Divorce is an issue on which Christians have differing views. Some believe that the vows a couple make as they get married are for life and that, even if the couple separate, they are still married from God’s point of view. This is the belief in the Roman Catholic Church, although a marriage can be declared null (as if it never happened) in some circumstances – for example, if the couple never had sex. But many Christians have accepted divorce and remarriage in some circumstances such as unfaithfulness, desertion or where one partner is subjecting the other to violence. Christians think it is right to respond to such traumas with compassion and understanding.
The Bible shows that God grieves at the pain everyone suffers when a marriage ends in divorce.
The Christian view of marriage is that it should be taken very seriously. A couple make solemn vows as they marry, promising that they will stay together for life, whatever difficulties they might face. For Christians, marriage reflects God’s commitment to his people and Jesus Christ’s commitment to the Church. It is a contract built on sacrificial love. But some relationships do break down and, where forgiveness and reconciliation are impossible, divorce may be the only option. The Bible shows that God grieves at the pain everyone suffers when a marriage ends in divorce. In one translation of the Bible book, Malachi, it says God hates divorce. Another translation of this text expresses it slightly differently, ‘”The man who hates and divorces his wife”, says the Lord….”does violence to the one he should protect”…’ The point is that divorce is not God’s best plan for people.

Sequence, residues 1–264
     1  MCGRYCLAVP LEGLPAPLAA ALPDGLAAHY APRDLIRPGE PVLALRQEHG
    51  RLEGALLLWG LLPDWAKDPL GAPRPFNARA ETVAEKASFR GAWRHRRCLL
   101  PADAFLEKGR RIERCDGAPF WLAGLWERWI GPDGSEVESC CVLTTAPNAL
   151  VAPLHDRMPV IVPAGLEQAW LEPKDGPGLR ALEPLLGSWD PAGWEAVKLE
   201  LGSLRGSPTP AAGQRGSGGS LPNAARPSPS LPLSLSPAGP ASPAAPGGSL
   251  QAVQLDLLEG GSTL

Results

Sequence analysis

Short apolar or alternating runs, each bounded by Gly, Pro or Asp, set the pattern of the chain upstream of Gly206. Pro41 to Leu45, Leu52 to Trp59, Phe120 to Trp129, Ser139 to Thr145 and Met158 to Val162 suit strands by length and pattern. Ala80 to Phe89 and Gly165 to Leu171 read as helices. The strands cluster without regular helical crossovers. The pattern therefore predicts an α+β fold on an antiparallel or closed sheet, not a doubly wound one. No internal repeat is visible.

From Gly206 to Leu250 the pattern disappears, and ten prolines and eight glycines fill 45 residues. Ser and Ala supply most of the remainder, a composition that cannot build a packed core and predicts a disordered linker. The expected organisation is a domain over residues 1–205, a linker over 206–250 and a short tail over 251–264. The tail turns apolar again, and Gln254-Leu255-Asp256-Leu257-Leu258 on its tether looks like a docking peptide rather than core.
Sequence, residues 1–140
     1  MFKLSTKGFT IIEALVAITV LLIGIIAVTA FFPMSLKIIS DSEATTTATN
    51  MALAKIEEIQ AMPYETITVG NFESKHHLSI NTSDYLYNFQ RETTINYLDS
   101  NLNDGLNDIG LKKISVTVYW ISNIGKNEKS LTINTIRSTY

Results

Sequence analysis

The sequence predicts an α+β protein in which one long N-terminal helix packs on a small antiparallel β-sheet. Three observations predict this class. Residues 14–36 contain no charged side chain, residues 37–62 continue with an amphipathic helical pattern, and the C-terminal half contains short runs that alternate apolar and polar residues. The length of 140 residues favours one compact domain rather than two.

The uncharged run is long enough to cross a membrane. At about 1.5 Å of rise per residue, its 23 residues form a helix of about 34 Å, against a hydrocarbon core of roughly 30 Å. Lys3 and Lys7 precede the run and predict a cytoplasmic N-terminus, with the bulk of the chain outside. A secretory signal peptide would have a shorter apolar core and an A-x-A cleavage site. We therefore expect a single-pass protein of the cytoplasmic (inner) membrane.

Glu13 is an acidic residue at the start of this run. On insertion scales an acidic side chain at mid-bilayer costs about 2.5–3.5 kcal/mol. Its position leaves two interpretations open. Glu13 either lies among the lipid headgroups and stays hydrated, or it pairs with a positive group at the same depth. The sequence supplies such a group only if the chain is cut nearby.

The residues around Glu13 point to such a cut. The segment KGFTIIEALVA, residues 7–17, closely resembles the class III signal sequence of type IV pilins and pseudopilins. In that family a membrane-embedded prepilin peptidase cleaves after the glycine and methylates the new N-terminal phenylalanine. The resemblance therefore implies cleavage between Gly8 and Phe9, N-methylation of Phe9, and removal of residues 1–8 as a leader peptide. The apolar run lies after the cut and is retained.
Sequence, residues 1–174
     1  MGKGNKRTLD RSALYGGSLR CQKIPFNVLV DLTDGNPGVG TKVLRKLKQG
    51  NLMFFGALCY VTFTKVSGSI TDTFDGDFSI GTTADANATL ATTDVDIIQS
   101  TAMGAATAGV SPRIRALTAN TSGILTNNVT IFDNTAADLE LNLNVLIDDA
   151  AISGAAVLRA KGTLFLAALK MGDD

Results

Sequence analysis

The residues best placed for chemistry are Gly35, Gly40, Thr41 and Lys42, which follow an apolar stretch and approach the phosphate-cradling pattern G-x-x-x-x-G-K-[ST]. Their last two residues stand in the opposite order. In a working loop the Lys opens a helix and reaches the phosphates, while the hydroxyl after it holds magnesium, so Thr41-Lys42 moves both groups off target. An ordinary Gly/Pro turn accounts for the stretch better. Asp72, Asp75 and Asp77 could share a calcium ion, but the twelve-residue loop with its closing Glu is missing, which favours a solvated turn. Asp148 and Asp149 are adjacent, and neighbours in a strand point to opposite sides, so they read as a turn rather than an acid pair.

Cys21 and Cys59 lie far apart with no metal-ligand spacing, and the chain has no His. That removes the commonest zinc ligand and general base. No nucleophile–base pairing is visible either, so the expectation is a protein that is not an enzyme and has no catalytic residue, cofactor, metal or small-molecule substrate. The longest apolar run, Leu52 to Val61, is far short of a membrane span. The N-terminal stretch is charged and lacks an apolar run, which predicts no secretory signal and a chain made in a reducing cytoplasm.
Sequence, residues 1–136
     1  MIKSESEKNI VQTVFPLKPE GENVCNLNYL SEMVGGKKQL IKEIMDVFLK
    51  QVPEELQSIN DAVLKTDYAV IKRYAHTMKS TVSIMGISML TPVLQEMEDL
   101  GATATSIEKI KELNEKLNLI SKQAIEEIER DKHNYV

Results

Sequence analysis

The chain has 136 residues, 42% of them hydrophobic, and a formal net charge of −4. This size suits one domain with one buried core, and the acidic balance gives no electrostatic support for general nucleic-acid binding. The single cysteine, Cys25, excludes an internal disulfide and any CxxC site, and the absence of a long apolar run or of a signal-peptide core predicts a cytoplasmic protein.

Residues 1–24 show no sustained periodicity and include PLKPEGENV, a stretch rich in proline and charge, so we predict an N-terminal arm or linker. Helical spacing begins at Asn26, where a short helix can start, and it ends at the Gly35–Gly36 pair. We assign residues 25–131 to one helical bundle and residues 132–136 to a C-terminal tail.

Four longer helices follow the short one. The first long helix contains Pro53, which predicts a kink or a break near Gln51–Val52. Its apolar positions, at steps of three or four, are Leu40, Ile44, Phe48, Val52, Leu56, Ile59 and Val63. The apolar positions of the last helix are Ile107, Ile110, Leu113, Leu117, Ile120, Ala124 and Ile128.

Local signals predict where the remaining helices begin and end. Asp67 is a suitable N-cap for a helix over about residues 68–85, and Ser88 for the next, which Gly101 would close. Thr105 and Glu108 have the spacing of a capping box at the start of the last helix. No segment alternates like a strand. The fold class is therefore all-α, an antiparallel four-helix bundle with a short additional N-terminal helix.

Jesus spoke about divorce during his years of teaching 2,000 years ago, countering the prevailing relaxed mood about it. Centuries earlier God had instituted laws about divorce for the Jewish people to follow. One reason was to provide some protection for wives who were far more vulnerable than husbands if they were divorced. But it was still common in Jesus’ time for men to divorce women for trivial reasons. Jesus was uncompromising in his opposition to this attitude: it was not permissible for a husband to divorce his wife for anything other than her sexual immorality.
Jesus spoke about divorce during his years of teaching 2,000 years ago, countering the prevailing relaxed mood about it.
Church leaders will often want to talk to a couple who wish to marry again after the breakdown of an earlier marriage. They will want to discover why the previous marriages came to an end and to help all sides to forgive any wrongdoing. They will want to be sure that the new relationship is not going to cause pain for the former husband or wife. It might be possible for divorcees to be married in church if that is what they want. The couple should discuss this with the vicar or minister at their local church. Even if it proves impossible, the couple might be able to have their wedding blessed in church after a civil marriage ceremony.